A Light So Lovely book review

“We’re supposed to be such witnesses of Christ’s love that other people will want to know what makes us glow.”

In A Light So Lovely: The Spiritual Legacy of Madeleine L’Engle, author Sarah Arthur shares these words spoken by Madeleine L’Engle at the 1996 Festival of Faith and Writing.

light so lovely

The message is a timely one for me. Not only have I been studying the difference between happiness and joy in a “Franciscan Way of Life” course I’m taking, the topic has recently come up in conversations with my children.

Arthur’s depth of research into Madeleine L’Engle’s life reveals a woman who always attempted to practice charity and empathy towards others. About an acquaintance who worshipped alongside her every day but hated all people of an Asian descent, Madeleine wrote “Surely within me there is an equal blindness, something that I do not recognize in myself, that I justify without even realizing it. All right, brother. Let us be forgiven together, then.”

“All right, brother, we say to the angry relative at Thanksgiving. All right, sister, we say to the person on social media whose politics sound like a foreign language. All right, we say to our idols when they disappoint us. Let us be forgiven together, then. We will only make a way forward when we recognize that we too are flawed and wounded sojourners, that where we are now on the journey is not the end game,” Sarah Arthur extrapolates.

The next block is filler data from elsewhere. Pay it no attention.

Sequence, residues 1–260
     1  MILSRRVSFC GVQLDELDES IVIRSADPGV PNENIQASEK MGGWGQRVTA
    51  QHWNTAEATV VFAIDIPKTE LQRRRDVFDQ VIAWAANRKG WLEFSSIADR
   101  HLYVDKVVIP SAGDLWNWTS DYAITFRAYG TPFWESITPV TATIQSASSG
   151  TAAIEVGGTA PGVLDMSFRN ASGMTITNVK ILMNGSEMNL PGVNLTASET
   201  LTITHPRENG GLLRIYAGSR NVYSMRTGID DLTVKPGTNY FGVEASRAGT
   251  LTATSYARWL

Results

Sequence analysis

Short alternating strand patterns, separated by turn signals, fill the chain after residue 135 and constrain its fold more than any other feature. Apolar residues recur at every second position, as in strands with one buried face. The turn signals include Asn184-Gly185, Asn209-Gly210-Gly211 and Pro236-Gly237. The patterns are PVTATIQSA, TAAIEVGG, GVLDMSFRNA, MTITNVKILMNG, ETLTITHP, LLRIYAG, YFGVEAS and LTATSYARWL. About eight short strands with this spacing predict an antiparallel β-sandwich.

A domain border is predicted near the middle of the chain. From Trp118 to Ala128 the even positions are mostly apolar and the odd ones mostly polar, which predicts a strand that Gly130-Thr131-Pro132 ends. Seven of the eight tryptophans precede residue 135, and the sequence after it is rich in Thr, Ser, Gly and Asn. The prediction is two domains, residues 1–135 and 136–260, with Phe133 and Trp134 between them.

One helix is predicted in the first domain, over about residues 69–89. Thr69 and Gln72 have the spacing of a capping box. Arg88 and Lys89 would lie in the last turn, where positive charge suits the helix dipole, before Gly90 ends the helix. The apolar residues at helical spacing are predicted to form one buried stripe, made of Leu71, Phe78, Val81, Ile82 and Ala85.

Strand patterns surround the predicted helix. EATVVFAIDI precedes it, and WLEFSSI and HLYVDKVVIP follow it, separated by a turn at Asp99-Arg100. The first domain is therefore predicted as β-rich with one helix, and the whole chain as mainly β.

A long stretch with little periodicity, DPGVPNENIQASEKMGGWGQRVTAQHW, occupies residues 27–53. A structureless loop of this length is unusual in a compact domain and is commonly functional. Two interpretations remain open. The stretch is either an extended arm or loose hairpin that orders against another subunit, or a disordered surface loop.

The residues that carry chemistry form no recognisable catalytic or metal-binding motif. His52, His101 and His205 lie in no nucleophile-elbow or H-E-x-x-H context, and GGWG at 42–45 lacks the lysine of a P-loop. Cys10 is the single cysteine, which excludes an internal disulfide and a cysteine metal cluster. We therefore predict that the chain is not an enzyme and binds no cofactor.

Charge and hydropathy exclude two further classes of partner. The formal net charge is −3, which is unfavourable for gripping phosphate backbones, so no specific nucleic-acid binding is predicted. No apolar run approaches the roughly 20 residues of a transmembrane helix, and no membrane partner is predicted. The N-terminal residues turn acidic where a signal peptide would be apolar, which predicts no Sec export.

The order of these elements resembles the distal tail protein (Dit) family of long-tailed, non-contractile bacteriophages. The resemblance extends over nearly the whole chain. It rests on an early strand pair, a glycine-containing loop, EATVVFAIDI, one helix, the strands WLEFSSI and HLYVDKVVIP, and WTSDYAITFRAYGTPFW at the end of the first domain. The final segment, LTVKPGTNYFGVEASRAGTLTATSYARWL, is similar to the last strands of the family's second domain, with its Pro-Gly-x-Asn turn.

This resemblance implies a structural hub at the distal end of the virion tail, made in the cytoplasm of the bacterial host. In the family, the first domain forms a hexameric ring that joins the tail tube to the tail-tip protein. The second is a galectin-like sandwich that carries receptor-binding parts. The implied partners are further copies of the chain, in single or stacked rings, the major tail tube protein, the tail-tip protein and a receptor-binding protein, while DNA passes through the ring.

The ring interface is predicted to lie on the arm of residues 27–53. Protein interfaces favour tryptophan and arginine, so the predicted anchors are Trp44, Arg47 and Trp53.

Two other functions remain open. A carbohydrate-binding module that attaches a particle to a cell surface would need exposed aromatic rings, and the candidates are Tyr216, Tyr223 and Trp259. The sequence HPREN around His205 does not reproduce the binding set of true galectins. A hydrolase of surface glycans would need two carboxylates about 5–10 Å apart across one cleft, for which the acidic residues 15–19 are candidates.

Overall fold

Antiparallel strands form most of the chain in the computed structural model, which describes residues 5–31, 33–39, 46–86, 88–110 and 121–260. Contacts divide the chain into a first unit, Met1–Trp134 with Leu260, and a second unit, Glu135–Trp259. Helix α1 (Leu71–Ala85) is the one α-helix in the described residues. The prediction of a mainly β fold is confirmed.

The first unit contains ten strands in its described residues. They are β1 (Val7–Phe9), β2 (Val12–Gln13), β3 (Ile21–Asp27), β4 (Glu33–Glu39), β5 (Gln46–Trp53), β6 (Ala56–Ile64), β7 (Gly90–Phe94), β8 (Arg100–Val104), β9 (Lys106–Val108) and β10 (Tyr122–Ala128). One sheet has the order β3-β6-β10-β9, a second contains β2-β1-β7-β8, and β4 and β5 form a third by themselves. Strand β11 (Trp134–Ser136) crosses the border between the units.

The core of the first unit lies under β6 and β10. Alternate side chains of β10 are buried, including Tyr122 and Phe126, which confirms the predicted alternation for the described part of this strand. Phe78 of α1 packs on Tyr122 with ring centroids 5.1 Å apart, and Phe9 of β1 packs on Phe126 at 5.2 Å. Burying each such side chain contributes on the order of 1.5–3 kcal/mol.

Up until the reading of this beautifully-written biography, I’ve managed to pointedly ignore any hint of criticism of my idol, Madeleine L’Engle, preferring instead to keep the Christian mother and author atop the carefully crafted pedestal I’d established for her in my mind. Somehow, Arthur has managed to delve into that criticism in a way that does not cause disappointment, but instead reveals the complexity of a woman who, despite her failings, still managed to convey a strength and faith we should all strive for.

“Madeleine showed up to serve the work of writing; she disciplined herself to sit down and be present. And she showed up as a struggling believer; she disciplined herself to continue praying, continue reading the Bible, continue practicing hospitality, continue worshiping in community. She perhaps never wrested every chapter of her life into a tidy resolution in which ‘all shall be well,’ but she put her trust in the One whose love does not fail.”